Patricia A. Vargas-Leon is a fellow in the Information Society Project at Yale Law School and a former Post-Doc in the Fletcher School at Tufts University. Patricia conducts research from a triple perspective: law, policy, and technology, and uses diverse methodologies within the fields of Internet governance, cybersecurity, and the law of the sea. Her research focuses on forms of government control over the Internet infrastructure and Internet protocol, network neutrality, the DNS, IXPs, international law, and the study of parallel policies between the law of the sea, the Internet, and cyberspace. Her doctoral dissertation explores governments' attempts to "shut down" the entire Internet in democratic and non-democratic regimes. Patricia is a former consultant within the United Nations' Division of Ocean Affairs and Law of the Sea. She holds a Ph.D. in Information Sciences and Technology from Syracuse University and a law degree from the Pontifical Catholic University of Perú.
Different perceptions over IXPs in isolating and controlling the Internet traffic
Internet Exchange Points (IXPs) are vital pieces that support the functioning of the Internet protocol. They are neutral facilities where networks meet to exchange Internet traffic; because of their crucial role in facilitating connectivity, they are a constant target of government control. In May 2019, the Russian government enacted the so-called Russian sovereignty law over the Internet (Stadnik, 2019, 2021; Strizh, 2019). This federal law allows the government to declare a national security situation, shut down portions of the Internet infrastructure located in Russia, and redirect all domestic Internet traffic to servers within Russian territory (Jee, 2019).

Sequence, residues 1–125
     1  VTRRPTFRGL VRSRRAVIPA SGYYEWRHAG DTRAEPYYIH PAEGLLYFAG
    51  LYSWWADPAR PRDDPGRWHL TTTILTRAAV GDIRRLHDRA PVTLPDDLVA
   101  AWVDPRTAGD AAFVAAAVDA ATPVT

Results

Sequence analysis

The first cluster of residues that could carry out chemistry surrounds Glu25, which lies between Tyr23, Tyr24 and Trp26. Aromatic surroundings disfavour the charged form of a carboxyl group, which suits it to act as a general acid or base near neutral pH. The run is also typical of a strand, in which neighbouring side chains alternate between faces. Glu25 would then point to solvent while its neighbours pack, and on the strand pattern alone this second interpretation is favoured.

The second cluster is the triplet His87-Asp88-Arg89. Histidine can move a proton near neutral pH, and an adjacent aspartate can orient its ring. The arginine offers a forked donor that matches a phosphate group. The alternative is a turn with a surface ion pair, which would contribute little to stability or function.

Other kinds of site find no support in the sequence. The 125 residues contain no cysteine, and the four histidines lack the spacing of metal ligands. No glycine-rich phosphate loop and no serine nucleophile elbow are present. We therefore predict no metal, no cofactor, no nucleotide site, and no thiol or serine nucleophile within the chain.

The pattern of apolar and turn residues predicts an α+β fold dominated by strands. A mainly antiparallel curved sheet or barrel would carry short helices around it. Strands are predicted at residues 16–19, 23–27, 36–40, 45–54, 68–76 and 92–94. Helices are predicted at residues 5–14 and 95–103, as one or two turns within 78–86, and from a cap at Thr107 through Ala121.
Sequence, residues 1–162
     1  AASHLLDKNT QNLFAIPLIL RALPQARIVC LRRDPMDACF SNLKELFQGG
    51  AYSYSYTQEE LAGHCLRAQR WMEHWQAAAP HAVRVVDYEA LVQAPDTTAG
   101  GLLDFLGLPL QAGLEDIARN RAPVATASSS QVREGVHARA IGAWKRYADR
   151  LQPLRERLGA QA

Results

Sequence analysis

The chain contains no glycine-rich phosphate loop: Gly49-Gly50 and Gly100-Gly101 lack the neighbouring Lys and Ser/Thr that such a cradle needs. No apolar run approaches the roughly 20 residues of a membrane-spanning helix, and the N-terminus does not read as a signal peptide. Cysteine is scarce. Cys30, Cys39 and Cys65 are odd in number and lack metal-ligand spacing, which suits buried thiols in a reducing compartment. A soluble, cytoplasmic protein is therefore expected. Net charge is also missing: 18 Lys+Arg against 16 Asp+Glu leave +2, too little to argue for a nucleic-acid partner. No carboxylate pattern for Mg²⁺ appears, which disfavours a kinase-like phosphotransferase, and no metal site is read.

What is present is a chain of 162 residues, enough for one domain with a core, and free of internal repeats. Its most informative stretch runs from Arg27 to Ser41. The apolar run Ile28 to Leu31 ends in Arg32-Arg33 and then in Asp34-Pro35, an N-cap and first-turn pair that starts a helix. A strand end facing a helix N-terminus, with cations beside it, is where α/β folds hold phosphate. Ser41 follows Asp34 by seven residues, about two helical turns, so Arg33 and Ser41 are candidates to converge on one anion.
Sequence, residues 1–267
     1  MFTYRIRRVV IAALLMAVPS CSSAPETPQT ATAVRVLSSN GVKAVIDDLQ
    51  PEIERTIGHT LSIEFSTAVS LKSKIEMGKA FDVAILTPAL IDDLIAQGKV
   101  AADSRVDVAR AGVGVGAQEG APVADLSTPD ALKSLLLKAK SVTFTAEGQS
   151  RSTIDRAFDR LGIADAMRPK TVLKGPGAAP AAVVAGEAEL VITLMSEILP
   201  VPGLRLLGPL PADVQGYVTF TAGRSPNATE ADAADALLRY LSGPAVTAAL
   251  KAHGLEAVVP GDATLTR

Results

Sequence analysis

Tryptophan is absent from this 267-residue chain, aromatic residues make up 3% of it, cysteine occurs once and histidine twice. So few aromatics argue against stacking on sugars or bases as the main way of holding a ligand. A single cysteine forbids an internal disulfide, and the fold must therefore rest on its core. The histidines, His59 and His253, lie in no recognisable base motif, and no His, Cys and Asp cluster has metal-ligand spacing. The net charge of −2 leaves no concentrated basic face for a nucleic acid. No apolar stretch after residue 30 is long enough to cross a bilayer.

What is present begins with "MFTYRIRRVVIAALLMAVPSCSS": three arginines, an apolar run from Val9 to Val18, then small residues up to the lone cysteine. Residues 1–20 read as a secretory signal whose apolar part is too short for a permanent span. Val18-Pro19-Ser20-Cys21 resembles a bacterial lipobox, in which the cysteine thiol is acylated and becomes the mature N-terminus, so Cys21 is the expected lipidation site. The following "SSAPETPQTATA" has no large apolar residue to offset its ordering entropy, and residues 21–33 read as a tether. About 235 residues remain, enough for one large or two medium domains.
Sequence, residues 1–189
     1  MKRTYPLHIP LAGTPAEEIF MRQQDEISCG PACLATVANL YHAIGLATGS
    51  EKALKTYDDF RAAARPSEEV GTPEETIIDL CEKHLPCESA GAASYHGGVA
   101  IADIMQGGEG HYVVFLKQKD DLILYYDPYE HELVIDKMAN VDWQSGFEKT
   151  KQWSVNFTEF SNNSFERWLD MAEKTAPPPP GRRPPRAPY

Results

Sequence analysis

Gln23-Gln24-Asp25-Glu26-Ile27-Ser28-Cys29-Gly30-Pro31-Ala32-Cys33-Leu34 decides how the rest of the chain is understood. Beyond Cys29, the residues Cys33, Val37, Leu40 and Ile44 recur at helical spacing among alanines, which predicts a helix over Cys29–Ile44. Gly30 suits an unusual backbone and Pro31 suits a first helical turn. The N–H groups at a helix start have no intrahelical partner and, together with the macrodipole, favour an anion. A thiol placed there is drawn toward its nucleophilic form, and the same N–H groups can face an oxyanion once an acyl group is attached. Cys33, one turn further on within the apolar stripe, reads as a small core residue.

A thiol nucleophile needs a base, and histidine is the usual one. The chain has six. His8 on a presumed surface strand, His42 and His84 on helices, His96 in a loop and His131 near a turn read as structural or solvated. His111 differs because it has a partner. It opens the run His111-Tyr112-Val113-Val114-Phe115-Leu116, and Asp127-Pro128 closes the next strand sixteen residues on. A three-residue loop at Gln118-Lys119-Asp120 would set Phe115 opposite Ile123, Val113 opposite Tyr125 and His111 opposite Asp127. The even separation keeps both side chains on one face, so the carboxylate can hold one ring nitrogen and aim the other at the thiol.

According to this new law, the Internet traffic within Russian territory must be routed only through the IXPs included in a register created by the Federal Service for Supervision of Communications, Information Technology, and Mass Media (Roskomnadzor) (Stadnik, 2019, 2021; Strizh, 2019). In February 2022, after Russia concentrated troops to attack Ukraine, world leaders imposed strict sanctions on Russia (Brown, 2022). Consequently, companies that operate IXPs worldwide decided to stop or suspend services that facilitate traffic within Russian territory. Therefore, the vital function of the Internet of interconnecting autonomous systems (AS) within Russia was greatly affected (Goodin, 2022).
This paper aims to analyze and compare both policy perspectives over IXPs: (1) as a tool of government control through the amendments to the Russian Law, and (2) as one of the channelers of international sanctions. Although both policies were created with different geopolitical motivations at different moments, it is critical to establish whether they may align with the Russian government's agenda for RuNet. Furthermore, although there is no international legislation related to IXPs (like it occurs with submarine cables and the DNS), this paper expects to provide a general overview of some international provisions that could protect the critical functions of the IXPs.